It seems that every vendor defines PLM in a manner that best suits their respective existing product lines and business practices, and not always necessarily the processes of the customers they are trying to serve. Therein lies a big part of the PLM problem. PLM should address processes and not just products – neither the vendors’ nor their customers’ – and too few vendors to this point have stressed the processes they are claiming to improve over the products and services they are trying to sell.

It also seems like everybody (yes, now including just about every CAD vendor big and small) is at least trying to get into the PLM act, regardless of whether they should or should not based on their development and integration capabilities or the needs of their customers. Even database giant, Oracle, says it wants to be a major PLM player, although the company has eluded that it doesn’t want to dirty its hands with traditional CAD/CAM stuff — it wants to look at the bigger picture, although it doesn’t elaborate what that picture is.

Although they are quite different in requirements, approach, implementation, and task load, I continue to see PLM and PDM (product data management) regarded practically as equals in vendors’ conference presentations and promotional advertising. Using these acronyms interchangeably only adds to the confusion that already exists in the PLM marketplace. However,  it does give more vendors more opportunities to say that they “do PLM.” By definition, PDM handles only data and is a subset of PLM; whereas PLM, to many peoples’ thinking, should interface and interact with every other IT system within an organization, including ERP, CRM, etc. at a similar level as a peer system.

So,  is PLM fulfilling the prophesy that the vendors have promised? That’s the question we’ll tackle in the next MCADCafe Blog.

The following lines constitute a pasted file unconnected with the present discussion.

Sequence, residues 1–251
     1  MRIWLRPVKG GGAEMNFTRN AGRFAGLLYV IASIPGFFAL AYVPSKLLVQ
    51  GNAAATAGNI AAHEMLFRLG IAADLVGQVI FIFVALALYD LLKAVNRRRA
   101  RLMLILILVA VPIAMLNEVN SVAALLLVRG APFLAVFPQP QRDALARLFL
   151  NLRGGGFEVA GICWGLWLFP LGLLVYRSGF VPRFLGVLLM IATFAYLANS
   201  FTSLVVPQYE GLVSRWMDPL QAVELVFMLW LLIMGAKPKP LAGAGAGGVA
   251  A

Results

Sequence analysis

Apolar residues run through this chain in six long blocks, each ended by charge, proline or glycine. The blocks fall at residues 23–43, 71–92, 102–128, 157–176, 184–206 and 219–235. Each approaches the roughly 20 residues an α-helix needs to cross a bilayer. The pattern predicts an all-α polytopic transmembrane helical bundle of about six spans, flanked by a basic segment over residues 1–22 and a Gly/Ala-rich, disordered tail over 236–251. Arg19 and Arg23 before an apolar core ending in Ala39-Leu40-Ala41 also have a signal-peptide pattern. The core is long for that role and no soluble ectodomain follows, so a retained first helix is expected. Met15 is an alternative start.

PLM – Can Vendors Pull It Together?

Like many of the recent past ingredients of a manufacturing organization’s computer technology alphabet soup, such as ERP, SCM, CRM, not to mention CAD, CAM, and CAE, product lifecycle management (PLM) is without a doubt this year’s biggest buzzword and a technology that is touted as being the “next big thing.” But in all honesty, can it truly provide all that the various vendors are promising? I keep asking myself, is PLM a great hope or just another great hype?

 

It seems that every vendor defines PLM in a manner that best suits their respective product lines and business practices, and not necessarily the processes of the customers they are trying to serve, and therein lies a big part of the PLM problem. PLM should address processes and not just products – neither the vendors’ nor their customers’ – and too few vendors to this point have stressed process over product.

 

It also seems like everybody (yes, including just about every CAD vendor big and small) is trying to get into the PLM act, regardless of whether they honestly should or should not. Even database giant, Oracle, wants to be a major player, although the company has as much said that it doesn’t want to dirty its hands with traditional CAD/CAM stuff, it wants to look after the bigger picture, although it doesn’t elaborate even vaguely what that picture is.